2.3. Colloids separation and characterization After sedimentation, the water samples were processed by cross-flow filtration (CFF) whose main part was polysulphone membrane with pore size of 0.003 µm (5 kDa) to isolate the colloids (Guéguen 2002). Filtered through the membrane, the retentate flow was guided back to the feed container, while the permeate flow was directed to a collector. This process would continue until the ratio of the initial feed volume to the retentate volume was about 10. With this process, two kinds of water samples were obtained, namely: (i) colloidal water (C), the ultima retentate part of the CFF process; (ii) truly dissolved water (D), the permeate part of the CFF process. Both two kinds of water samples were stored at 4 ◦C for further analysis. TOC for C and D were measured immediately after ultra-filtration using a TOC 5000A analyzer (Shimadzu, TOC-VCPN). Element concentrations in different fractions were determined by ICP-OES (Prodigy, Leeman, USA) for K, Na, Ca, Mg and Si or ICP-MS (Thermo X2, Thermo Fisher, USA) for Al, Fe, Zn and As. Acid digestions were performed prior to the elements analysis using ultra-pure concentrated nitric acid to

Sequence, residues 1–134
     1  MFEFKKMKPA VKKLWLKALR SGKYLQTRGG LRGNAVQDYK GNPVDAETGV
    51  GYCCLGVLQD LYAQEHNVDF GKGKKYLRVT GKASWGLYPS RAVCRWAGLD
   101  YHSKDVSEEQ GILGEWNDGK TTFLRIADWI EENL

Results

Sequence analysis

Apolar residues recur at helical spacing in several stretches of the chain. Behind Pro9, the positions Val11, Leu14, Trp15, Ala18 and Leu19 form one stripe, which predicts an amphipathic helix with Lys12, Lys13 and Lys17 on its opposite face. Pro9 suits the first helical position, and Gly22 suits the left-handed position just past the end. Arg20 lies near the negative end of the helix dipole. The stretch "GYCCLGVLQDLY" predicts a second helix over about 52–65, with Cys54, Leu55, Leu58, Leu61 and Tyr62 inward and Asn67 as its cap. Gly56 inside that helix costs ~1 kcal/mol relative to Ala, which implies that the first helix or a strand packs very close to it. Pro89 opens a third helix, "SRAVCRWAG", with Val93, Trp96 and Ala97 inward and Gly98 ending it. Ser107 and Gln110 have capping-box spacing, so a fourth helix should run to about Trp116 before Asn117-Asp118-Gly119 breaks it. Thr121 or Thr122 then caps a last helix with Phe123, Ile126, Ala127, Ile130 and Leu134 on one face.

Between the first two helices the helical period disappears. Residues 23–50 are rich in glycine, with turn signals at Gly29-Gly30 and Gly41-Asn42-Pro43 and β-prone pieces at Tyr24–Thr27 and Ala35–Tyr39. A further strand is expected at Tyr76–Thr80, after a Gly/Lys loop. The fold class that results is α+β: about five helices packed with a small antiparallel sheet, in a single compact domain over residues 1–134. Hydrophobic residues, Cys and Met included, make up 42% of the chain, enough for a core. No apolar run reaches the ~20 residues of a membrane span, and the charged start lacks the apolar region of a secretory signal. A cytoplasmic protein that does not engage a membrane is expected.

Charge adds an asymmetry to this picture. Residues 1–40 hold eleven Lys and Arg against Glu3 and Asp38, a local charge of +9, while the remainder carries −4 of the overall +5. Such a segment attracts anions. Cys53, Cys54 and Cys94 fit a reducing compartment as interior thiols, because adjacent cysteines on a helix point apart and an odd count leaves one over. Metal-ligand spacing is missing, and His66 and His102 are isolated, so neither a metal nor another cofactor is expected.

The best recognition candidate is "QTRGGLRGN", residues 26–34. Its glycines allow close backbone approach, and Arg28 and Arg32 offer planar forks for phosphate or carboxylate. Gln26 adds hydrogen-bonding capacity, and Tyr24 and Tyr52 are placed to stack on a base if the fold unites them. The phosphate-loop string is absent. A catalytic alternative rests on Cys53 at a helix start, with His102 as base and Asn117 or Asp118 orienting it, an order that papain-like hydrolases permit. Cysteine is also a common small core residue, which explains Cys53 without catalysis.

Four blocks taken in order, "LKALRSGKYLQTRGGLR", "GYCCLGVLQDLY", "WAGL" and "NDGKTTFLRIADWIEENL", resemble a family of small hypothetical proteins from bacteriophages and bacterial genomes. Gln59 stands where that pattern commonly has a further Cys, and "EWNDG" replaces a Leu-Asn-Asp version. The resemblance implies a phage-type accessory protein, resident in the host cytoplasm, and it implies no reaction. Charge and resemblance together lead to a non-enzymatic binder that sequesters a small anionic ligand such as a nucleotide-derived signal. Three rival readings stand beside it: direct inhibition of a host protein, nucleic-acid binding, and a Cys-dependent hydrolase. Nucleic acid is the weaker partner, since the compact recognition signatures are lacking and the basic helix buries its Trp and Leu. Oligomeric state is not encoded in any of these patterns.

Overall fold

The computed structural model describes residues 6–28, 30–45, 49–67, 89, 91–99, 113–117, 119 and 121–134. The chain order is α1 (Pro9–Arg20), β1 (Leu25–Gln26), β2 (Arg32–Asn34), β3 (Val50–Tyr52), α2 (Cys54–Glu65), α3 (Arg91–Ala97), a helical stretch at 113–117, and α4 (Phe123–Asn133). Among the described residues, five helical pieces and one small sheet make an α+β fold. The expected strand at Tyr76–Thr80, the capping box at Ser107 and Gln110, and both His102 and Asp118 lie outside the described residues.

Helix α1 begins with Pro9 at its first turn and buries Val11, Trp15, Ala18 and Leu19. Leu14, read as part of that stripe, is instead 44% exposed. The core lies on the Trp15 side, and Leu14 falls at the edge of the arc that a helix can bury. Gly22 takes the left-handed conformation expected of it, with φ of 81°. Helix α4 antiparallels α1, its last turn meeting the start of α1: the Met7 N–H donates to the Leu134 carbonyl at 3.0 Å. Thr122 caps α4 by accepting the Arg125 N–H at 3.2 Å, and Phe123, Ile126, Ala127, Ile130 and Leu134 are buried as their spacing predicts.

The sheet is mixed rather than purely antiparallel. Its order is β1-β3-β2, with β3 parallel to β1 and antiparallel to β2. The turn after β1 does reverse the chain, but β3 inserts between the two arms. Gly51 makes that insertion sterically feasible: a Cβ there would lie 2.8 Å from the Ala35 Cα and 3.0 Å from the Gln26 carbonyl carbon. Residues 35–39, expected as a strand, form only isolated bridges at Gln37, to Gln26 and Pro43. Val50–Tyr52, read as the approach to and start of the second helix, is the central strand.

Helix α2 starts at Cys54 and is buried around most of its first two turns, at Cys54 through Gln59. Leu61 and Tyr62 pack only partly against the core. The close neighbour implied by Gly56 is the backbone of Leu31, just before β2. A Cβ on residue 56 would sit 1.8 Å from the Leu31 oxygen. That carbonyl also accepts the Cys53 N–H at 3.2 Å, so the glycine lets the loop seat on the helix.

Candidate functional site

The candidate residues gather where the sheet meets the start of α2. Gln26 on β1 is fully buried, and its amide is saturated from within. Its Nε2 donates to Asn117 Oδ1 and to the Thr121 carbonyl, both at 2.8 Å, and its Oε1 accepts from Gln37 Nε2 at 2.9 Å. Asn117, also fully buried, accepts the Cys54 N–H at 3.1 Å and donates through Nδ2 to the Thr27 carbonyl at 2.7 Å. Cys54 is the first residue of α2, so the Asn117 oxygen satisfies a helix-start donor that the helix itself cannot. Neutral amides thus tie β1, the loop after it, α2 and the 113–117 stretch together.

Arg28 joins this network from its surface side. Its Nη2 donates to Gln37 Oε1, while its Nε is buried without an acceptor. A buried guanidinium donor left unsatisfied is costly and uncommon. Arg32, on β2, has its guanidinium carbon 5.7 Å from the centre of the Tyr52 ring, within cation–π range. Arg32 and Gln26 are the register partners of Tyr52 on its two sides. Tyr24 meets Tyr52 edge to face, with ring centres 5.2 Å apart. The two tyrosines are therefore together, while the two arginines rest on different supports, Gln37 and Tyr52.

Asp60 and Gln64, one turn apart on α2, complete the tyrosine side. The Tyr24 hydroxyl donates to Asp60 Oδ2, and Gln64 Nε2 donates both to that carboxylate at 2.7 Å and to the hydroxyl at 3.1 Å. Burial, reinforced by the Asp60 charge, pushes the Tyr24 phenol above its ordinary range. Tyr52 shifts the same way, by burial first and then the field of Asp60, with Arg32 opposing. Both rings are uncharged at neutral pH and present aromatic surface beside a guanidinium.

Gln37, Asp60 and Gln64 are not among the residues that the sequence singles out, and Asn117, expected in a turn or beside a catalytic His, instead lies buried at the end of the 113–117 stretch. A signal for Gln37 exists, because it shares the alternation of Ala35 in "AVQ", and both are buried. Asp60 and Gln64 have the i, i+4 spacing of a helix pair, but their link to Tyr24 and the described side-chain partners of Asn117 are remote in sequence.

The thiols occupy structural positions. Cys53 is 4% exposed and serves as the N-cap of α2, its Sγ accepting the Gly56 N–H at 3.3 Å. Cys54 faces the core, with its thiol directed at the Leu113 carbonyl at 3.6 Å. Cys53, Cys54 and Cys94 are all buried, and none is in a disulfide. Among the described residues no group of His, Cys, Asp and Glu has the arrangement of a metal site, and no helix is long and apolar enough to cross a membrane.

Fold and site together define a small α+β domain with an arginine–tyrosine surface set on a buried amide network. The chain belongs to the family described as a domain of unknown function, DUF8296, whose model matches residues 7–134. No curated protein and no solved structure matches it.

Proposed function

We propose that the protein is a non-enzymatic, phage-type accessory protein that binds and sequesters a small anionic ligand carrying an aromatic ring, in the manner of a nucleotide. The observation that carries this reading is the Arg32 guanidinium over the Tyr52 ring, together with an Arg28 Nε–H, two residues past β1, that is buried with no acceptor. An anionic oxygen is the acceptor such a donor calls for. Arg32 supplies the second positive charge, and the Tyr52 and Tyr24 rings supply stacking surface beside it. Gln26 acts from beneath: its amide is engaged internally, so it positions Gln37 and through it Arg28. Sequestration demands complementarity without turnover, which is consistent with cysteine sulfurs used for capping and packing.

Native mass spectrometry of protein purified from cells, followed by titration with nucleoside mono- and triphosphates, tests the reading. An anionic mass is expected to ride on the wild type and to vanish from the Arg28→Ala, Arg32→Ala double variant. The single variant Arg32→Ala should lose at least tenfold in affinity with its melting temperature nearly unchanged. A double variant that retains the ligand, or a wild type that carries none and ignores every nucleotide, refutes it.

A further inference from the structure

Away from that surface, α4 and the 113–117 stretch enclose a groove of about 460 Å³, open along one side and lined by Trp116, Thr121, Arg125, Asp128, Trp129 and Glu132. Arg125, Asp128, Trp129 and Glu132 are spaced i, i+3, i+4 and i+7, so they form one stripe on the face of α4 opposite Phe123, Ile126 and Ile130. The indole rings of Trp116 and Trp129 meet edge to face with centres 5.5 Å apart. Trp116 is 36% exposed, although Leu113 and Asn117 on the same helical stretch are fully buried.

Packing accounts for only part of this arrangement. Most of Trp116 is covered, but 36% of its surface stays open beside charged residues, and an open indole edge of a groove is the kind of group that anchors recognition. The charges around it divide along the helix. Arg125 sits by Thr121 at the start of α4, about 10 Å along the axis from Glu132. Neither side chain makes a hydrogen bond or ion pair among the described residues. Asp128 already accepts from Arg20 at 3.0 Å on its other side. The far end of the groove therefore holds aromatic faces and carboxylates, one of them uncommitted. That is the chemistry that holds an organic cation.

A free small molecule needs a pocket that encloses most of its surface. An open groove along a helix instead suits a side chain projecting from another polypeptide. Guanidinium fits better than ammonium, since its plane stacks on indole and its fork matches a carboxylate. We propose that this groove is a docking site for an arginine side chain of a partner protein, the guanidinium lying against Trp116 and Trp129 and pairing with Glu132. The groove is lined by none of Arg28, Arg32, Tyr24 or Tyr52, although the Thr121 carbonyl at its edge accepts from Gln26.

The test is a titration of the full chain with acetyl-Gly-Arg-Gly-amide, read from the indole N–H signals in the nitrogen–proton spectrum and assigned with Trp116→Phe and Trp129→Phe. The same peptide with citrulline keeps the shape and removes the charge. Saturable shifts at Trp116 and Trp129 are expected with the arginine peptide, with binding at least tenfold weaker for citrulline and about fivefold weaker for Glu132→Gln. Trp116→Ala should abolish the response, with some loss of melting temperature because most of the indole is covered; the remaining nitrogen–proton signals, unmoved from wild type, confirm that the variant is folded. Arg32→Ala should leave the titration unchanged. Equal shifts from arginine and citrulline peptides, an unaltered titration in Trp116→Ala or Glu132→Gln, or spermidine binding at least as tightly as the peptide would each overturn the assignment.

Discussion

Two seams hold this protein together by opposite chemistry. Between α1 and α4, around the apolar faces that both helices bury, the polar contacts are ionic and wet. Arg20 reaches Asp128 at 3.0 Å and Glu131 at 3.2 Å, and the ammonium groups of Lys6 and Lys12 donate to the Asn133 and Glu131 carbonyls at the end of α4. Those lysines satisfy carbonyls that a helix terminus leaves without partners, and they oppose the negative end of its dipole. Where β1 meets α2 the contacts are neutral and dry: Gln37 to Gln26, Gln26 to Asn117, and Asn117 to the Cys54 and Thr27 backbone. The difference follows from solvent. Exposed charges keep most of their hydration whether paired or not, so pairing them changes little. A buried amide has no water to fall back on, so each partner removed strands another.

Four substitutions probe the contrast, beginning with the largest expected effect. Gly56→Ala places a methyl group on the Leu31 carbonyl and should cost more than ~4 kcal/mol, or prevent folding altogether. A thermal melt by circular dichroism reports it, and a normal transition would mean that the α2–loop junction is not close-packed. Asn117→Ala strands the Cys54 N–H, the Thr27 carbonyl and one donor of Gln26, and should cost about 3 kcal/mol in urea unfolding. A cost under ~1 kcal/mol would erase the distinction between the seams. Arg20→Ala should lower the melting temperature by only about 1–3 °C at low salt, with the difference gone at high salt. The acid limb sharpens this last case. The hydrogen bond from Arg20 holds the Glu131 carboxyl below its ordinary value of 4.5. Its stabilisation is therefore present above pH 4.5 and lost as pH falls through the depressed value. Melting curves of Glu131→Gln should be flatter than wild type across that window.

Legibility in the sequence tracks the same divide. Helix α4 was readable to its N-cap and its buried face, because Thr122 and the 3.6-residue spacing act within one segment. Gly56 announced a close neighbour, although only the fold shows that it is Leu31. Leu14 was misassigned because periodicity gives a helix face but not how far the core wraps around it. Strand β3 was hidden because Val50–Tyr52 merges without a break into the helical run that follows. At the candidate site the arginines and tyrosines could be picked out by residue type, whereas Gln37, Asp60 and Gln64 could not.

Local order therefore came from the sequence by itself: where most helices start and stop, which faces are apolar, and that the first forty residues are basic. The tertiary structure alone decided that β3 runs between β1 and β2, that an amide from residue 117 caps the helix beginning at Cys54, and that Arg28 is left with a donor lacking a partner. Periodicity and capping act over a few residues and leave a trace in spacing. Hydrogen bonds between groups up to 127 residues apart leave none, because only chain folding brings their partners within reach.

• acidify the subsamples of all fractions to pH 2 (Ren 2010), and procedural blanks were included to check for ambient or reagent contami


View more >